Eric B Super Reviewer
  • Jan 23, 2010
    a film about, well, everything. by being about everything the film wasnt really about anything until the very end when it revealed a message that was fairly profound. although the film possessed many of the artistic signatures of godard, his normal storytelling and dialogue emphasis was missing. as a plot driven film it might have been powerful, as a documentary it might have been interesting, as sort of a hybrid of the two it felt more like disconnected and random sequences providing short and limited commentary on various cultural issues. in the end two issues hit home and are finally presented clearly, consumerism and manotany, they are presented with bias, but the commentary is worth attention. in the end, godard might have accomplished a certain task, but the film fell mostly empty.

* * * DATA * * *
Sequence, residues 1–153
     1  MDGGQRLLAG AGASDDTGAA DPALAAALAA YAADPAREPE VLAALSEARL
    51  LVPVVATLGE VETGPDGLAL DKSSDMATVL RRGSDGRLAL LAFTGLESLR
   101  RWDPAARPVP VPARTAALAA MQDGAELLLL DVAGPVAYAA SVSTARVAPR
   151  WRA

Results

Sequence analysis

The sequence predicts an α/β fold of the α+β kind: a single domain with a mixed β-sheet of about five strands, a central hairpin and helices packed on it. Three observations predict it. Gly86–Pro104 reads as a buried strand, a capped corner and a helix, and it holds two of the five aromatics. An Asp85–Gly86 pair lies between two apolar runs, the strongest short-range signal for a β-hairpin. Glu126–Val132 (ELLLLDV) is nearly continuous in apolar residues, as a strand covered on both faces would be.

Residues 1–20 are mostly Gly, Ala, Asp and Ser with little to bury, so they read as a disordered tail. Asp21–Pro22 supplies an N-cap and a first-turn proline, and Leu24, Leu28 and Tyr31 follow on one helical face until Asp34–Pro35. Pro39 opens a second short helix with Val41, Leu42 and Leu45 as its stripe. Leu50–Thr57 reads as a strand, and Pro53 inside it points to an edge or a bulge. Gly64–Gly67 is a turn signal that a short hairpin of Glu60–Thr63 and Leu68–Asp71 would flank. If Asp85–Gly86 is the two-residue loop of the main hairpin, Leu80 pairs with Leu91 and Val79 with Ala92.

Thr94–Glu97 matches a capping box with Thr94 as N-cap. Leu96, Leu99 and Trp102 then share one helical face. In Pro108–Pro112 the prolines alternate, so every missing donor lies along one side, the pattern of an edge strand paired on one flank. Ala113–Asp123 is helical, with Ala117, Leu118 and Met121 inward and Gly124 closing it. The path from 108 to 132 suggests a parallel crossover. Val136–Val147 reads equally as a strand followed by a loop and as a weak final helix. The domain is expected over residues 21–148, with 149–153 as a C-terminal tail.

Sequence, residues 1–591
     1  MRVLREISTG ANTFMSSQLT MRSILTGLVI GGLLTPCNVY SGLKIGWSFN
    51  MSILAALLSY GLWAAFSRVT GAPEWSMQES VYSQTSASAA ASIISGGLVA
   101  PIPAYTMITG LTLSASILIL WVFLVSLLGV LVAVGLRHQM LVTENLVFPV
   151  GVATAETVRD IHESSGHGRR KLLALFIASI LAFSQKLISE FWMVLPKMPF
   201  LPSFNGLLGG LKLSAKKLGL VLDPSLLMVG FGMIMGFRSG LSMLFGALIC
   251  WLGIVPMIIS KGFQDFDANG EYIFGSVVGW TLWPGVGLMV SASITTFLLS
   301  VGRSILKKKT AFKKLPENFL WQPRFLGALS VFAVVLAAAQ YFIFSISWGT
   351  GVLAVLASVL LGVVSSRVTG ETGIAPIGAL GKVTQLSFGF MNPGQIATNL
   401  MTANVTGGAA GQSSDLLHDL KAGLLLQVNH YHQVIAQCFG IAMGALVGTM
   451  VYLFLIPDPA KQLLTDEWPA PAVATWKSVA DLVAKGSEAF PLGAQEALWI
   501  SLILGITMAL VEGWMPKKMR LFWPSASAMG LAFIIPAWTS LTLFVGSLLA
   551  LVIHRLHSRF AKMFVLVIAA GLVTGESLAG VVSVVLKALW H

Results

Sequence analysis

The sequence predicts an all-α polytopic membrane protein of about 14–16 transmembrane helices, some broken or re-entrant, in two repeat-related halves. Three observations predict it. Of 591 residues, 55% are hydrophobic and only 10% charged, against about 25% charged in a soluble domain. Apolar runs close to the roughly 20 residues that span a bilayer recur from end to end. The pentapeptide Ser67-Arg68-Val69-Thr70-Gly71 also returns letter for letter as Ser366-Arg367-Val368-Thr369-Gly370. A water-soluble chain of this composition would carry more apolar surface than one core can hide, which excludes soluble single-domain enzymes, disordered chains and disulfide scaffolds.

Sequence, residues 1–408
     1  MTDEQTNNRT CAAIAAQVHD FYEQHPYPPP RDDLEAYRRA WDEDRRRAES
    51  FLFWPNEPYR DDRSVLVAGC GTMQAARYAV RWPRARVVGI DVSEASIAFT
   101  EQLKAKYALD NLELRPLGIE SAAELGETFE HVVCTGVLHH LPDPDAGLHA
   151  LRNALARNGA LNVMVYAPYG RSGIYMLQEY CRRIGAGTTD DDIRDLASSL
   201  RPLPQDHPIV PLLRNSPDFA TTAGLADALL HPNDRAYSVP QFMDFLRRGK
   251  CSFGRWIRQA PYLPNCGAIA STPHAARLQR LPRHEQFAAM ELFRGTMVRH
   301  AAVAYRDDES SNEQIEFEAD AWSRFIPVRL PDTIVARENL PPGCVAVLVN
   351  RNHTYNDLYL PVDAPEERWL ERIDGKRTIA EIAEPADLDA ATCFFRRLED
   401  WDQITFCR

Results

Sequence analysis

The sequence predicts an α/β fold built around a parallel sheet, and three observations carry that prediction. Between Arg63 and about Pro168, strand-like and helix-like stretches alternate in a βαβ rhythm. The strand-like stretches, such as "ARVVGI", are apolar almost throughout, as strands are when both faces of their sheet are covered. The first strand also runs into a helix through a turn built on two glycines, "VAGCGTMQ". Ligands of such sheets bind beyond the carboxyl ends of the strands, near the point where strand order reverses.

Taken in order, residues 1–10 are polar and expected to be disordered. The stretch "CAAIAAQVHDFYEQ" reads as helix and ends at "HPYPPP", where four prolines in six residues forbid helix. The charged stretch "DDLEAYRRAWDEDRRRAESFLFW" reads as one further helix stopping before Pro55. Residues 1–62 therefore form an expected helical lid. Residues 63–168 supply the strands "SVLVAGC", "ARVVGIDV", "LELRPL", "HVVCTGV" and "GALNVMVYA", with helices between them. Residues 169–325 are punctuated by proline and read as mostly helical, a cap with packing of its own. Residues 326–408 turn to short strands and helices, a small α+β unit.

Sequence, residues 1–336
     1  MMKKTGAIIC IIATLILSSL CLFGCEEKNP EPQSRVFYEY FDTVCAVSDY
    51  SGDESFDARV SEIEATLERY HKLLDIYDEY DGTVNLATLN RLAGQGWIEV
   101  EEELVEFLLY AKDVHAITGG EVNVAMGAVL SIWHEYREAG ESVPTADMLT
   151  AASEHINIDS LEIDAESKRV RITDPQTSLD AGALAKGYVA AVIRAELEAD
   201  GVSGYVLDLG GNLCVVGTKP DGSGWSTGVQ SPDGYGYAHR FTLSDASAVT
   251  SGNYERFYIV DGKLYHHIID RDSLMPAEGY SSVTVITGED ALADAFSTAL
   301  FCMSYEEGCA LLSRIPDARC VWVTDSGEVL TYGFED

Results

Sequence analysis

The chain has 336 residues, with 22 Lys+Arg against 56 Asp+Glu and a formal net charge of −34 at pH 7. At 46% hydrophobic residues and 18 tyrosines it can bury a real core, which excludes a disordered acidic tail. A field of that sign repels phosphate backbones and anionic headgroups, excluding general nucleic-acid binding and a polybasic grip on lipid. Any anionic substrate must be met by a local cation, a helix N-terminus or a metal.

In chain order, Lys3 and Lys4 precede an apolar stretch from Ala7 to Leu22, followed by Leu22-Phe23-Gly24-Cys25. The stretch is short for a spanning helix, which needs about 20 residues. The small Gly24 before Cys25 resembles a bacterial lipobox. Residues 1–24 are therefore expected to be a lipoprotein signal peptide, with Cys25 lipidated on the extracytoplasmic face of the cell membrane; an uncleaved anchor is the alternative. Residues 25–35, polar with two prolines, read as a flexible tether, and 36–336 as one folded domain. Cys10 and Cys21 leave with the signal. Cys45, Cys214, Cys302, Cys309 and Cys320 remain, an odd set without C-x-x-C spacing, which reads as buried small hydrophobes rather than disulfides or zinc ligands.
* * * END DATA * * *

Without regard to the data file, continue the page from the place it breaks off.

danny d Super Reviewer
  • Mar 12, 2009
    To hell with stories! Goddard don't need no damn story! This film is a conundrum, because it's very hard to tell whether it's making fun of pretentious movies or being pretentious itself. The presence of the whispering narrator gives you the sense of either an anthropologist hiding in underbrush spying on his subject or a director commentating on his film as it plays. The strangest thing about this film is that it knows it's a film, and its characters know that they're characters in a film. It's a really disorienting effect.
    Emily A Super Reviewer